Re: the President’s Last Days as Commander-in-Chief

A Nuclear Arsenal and Reflections on a President’s Last Days in Office

Obama plans major nuclear policy changes in his final months

Obama administration determined to advance the nuclear reduction agenda.

StratDem update: A month ago we wrote that the president’s final days in office should include executive orders addressing nuclear proliferation issues… Now, it looks like we are getting our wish.

Via the Washington Post

In recent weeks, the national security Cabinet members known as the Principals Committee held two meetings to review options for executive actions on nuclear policy. Many of the options on the table are controversial, but by design none of them require formal congressional approval. No final decisions have been made, but Obama is expected to weigh in personally soon.

President Obama announced his drive to reduce the role of nuclear weapons and eventually rid the world of them in his first major foreign policy speech, in Prague in 2009. In his first years, he achieved some successes, such as the New START treaty with Russia, the Nuclear Security Summits and the controversial Iran deal. But progress waned in the past year as more pressing crises commanded the White House’s attention. Now, the president is considering using the freedom afforded a departing administration to cross off several remaining items on his nuclear wish list.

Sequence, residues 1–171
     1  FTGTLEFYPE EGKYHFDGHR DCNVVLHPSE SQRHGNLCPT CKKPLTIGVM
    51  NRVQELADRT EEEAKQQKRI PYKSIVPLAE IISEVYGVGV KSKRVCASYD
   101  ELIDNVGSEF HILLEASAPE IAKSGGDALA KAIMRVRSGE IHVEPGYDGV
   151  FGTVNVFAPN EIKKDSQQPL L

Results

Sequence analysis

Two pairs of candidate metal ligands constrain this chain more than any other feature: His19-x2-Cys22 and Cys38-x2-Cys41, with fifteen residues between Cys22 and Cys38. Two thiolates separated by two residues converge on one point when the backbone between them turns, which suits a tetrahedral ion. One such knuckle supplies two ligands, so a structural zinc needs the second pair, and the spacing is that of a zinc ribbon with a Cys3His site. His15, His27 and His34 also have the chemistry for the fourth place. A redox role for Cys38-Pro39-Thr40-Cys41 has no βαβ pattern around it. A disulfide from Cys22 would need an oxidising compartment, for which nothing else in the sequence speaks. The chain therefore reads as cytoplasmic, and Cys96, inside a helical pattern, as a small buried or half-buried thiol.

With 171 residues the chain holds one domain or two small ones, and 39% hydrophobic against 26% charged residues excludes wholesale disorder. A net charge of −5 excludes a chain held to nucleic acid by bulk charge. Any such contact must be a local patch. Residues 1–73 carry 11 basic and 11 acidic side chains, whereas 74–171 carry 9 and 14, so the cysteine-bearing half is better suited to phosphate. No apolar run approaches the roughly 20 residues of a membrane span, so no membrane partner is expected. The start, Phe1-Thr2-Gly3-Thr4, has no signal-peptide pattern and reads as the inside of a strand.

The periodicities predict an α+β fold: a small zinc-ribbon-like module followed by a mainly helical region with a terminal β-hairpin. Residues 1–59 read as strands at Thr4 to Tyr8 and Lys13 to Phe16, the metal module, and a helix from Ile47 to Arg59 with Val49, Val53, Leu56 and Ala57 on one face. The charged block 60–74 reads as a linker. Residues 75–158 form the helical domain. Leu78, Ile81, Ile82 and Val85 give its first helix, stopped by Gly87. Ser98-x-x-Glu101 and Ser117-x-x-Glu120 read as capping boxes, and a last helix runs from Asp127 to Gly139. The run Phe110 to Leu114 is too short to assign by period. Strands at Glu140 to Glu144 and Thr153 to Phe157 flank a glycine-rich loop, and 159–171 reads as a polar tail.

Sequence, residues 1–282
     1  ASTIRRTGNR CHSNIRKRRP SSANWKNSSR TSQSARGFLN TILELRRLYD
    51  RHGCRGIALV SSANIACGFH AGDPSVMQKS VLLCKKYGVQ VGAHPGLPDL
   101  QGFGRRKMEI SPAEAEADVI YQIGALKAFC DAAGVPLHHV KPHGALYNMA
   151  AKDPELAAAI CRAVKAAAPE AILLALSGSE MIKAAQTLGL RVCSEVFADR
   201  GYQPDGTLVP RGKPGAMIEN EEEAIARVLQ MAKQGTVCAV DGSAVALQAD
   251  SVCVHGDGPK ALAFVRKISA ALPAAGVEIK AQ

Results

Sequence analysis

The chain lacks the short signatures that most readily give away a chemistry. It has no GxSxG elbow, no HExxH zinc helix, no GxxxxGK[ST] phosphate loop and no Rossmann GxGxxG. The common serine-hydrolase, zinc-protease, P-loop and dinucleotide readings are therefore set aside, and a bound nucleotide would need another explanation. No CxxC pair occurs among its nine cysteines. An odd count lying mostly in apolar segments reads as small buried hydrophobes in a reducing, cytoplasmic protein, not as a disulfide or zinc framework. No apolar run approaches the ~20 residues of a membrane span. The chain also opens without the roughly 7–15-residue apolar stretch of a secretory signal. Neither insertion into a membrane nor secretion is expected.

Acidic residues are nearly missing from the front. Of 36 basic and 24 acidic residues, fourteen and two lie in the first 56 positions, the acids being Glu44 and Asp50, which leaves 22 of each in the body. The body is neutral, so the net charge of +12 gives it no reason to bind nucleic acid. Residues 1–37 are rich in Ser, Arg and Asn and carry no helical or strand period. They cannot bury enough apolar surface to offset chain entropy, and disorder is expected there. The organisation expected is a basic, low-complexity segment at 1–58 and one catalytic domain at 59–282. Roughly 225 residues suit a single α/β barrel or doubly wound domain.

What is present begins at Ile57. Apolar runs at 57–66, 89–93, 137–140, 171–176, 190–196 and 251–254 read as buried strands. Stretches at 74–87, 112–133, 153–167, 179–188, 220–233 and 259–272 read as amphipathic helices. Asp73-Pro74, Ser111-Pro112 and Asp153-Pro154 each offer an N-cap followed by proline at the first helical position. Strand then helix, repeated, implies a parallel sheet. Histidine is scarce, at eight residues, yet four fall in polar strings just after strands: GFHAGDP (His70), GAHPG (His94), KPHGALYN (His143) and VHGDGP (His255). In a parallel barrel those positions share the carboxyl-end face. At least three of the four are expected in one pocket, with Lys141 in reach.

Options include declaring a “no first use” policy for the United States’ nuclear arsenal, which would be a landmark change in the country’s nuclear posture. Another option under consideration is seeking a U.N. Security Council resolution affirming a ban on the testing of nuclear weapons. This would be a way to enshrine the United States’ pledge not to test without having to seek unlikely Senate ratification of the Comprehensive Test Ban Treaty.

The administration is also considering offering Russia a five-year extension of the New START treaty’s limits on deployed nuclear weapons, even though those limits don’t expire until 2021. This way, Obama could ensure that the next administration doesn’t let the treaty lapse. Some administration officials want to cancel or delay development of a new nuclear cruise missile, called the Long-Range Stand-Off weapon, because it is designed for a limited nuclear strike, a capability Obama doesn’t believe the United States needs. Some officials want to take most deployed nukes off of “hair trigger” alert.

 

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Obama _ August 5, 2015

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